But the story of the yacht shows how a fabricated rumor, likely originating in Russia, can start circulating in American politics. On Bannon’s War Room in December, Sen. J.D. Vance said, of his fellow politicians, “there are people who would cut Social Security, throw our grandparents into poverty, why? So that one of Zelensky’s ministers can buy a bigger yacht?”

The yacht story had a specific origin, but the growing anti-Ukraine sentiment among right-wing circles is harder to trace. After years of warfare and many millions of dollars in American aid, it makes sense that American enthusiasm for the Ukrainian cause might organically ebb.

And there is one man whose personal grudge against Ukraine could also cause Republicans to sour on a U.S. ally: Donald Trump.

“When American journalists and congresspeople use Russian talking points, they’re quoting Trump,” said Sarah Oates, a professor who studies disinformation and propaganda at the University of Maryland. “They are broadcasting Russian propaganda, but the conduit is Trump.”

Trump has several reasons to dismiss Russia’s threat to the international order. For starters, he openly admires authoritarian leaders like Vladimir Putin and has shown an interest in modeling himself after them. More importantly, the association of his 2016 election with Russian election-meddling caused some on the left to question the legitimacy of his victory.

For legitimacy reasons, then, Republicans have an incentive to downplay the potency of Russian propaganda. Not to mention: The basis of much of the Republican Party’s attacks on President Biden relies on a misleading assertion that his son Hunter Biden colluded with corrupt Ukrainian officials. Portraying Ukraine as a corruption-riddled country bolsters right-wing conspiracy theories about Biden’s family.

In other words, shared talking points between Republicans and the Russian propaganda machine don’t necessarily mean Russia is effective in seeding its influence; it’s a mutually beneficial swirl of conspiracy theories. “I think this is just a highly useful convergence of goals for Putin and Trump,” Oates said.

“Trump does not care; he literally is not thinking about it,” Oates said, referring to the possibility that many of Trump’s talking points could come from Russia. “His calculus is, ‘How can I win?’ ”

Because it’s quite possible that Americans who want the U.S. to abandon Ukraine may have arrived at that opinion on their own, Thomas Rid, a professor of strategic studies at Johns Hopkins, has warned against giving the Russians too much credit for swaying American public opinion.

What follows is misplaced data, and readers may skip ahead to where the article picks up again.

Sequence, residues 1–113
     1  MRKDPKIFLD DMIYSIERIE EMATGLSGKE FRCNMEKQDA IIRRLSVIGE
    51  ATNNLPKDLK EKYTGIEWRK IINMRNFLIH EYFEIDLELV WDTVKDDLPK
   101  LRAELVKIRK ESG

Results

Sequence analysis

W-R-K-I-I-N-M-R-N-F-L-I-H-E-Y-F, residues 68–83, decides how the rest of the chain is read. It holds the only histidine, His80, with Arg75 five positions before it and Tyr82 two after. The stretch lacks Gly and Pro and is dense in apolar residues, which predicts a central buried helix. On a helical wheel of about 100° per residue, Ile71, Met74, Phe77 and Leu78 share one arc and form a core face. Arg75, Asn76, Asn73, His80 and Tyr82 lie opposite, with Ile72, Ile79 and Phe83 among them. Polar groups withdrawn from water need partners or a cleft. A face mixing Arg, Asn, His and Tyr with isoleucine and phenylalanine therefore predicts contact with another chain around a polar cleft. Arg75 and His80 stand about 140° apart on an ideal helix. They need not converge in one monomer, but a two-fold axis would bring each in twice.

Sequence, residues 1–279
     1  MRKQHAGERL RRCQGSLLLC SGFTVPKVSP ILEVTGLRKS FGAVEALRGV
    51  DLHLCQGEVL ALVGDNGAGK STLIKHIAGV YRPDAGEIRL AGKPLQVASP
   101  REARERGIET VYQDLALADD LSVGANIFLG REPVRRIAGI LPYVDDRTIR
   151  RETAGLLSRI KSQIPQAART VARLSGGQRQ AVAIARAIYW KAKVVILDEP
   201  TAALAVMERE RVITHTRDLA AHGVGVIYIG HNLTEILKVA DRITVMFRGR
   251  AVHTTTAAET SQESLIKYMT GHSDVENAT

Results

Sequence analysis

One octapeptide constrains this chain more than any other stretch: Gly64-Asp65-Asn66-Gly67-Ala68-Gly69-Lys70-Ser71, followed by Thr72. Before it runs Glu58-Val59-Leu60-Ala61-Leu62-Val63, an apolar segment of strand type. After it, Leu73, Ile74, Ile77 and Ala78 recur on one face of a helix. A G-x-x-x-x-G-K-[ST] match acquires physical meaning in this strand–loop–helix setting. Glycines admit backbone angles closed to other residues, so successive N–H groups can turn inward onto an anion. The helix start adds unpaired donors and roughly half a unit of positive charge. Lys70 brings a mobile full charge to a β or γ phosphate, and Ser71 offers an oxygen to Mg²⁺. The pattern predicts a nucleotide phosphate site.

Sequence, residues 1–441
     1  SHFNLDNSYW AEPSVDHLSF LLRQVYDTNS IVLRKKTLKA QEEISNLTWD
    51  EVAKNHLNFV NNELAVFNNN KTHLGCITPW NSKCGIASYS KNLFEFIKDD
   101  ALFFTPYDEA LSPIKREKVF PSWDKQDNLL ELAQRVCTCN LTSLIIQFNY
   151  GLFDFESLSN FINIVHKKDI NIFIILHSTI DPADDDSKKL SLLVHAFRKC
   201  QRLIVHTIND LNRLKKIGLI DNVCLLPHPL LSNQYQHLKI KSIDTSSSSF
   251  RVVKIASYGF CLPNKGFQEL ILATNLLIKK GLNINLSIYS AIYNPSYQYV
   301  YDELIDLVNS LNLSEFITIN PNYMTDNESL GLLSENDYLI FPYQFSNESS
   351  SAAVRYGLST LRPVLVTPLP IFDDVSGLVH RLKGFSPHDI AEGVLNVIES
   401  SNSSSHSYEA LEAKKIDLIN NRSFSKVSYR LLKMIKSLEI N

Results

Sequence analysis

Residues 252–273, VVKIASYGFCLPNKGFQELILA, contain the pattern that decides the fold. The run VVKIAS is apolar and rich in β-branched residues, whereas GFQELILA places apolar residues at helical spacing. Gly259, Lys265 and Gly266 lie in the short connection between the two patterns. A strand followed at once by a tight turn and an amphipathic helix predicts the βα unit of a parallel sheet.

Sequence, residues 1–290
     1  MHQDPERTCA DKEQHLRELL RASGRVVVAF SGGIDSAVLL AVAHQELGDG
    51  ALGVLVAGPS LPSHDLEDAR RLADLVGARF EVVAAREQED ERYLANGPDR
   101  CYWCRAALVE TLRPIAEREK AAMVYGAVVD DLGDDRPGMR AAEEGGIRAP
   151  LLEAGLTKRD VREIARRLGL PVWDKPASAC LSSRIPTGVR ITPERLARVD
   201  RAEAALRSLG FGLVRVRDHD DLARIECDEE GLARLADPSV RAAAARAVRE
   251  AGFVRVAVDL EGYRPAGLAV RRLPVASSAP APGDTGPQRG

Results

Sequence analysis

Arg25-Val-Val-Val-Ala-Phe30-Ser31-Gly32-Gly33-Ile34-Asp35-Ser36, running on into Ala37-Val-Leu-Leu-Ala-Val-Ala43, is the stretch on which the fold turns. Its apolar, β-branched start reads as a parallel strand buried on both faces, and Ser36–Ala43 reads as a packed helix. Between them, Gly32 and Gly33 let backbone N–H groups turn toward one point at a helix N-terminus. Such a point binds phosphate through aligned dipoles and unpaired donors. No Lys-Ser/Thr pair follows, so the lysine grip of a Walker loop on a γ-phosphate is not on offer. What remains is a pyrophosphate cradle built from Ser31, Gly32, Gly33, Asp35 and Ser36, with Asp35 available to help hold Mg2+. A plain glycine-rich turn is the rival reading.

Rid’s argument is: We shouldn’t help Russian strategists by assuming they’ve succeeded. Russia wants to undermine Americans’ trust in our systems and in our democracy. Believing that another country has the capability to, say, sway an election, serves that goal. “If we exaggerate the impact, we make the operations more successful than they would be otherwise,” he said, “and undermine trust in our own democracy, which is the goal of this game.”

It’s important, he argued, not to blame misinformation, isolationism, and other factors that led to changing views of the war on external actors alone. Americans, Rid said, are “perfectly capable of coming up with crazy ideas.”

Take Sen. Tommy Tuberville’s claim about why Putin needed to invade Ukraine. Speaking to a right-wing Alabama website, Tuberville said: “It’s a communist country, so he can’t feed his people, so they need more farmland.”

The claim—coming from a man who couldn’t name the three branches of American government and who thought World War II was fought over socialism—seems to be pure, homegrown nonsense.

“It’s blaming our own problems on others,” Rid said. “That’s the problem I find worrying.”

To be clear, Russian propaganda should be taken seriously: The country’s plans for deepening existing societal conflicts in the U.S. are not a secret. Given the various motivations at play and the inherent vagaries of how information and belief travel, though, it’s hard to know just how much the Republican Party has been “infected” by Russian propaganda, as Rep. McCaul put it.

What we can say with certainty is that there’s an alliance of interests. In his bizarre interview with Tucker Carlson in February, Putin laid out his several invented justifications for the invasion and said that he was interested in “peace.” The next day, Tuberville said he opposed sending aid to Ukraine because the Carlson interview “shows that Russia is open to a peace agreement.”

In her work, Oates found that researchers often couldn’t tell the difference between media pulled from Fox News and Russia Today, a Russian news network and propaganda arm; “identical” talking points don’t mean Russia is pulling the strings.

But there is still something to be gleaned from the coherence between Republicans and Russian strategists—and it’s probably a warning about our own news-media ecosystems. Rep. McCaul seemed to note this, telling Puck News that he saw “nighttime entertainment shows” in the U.S airing content that was “almost identical” to what was playing on Russian state TV.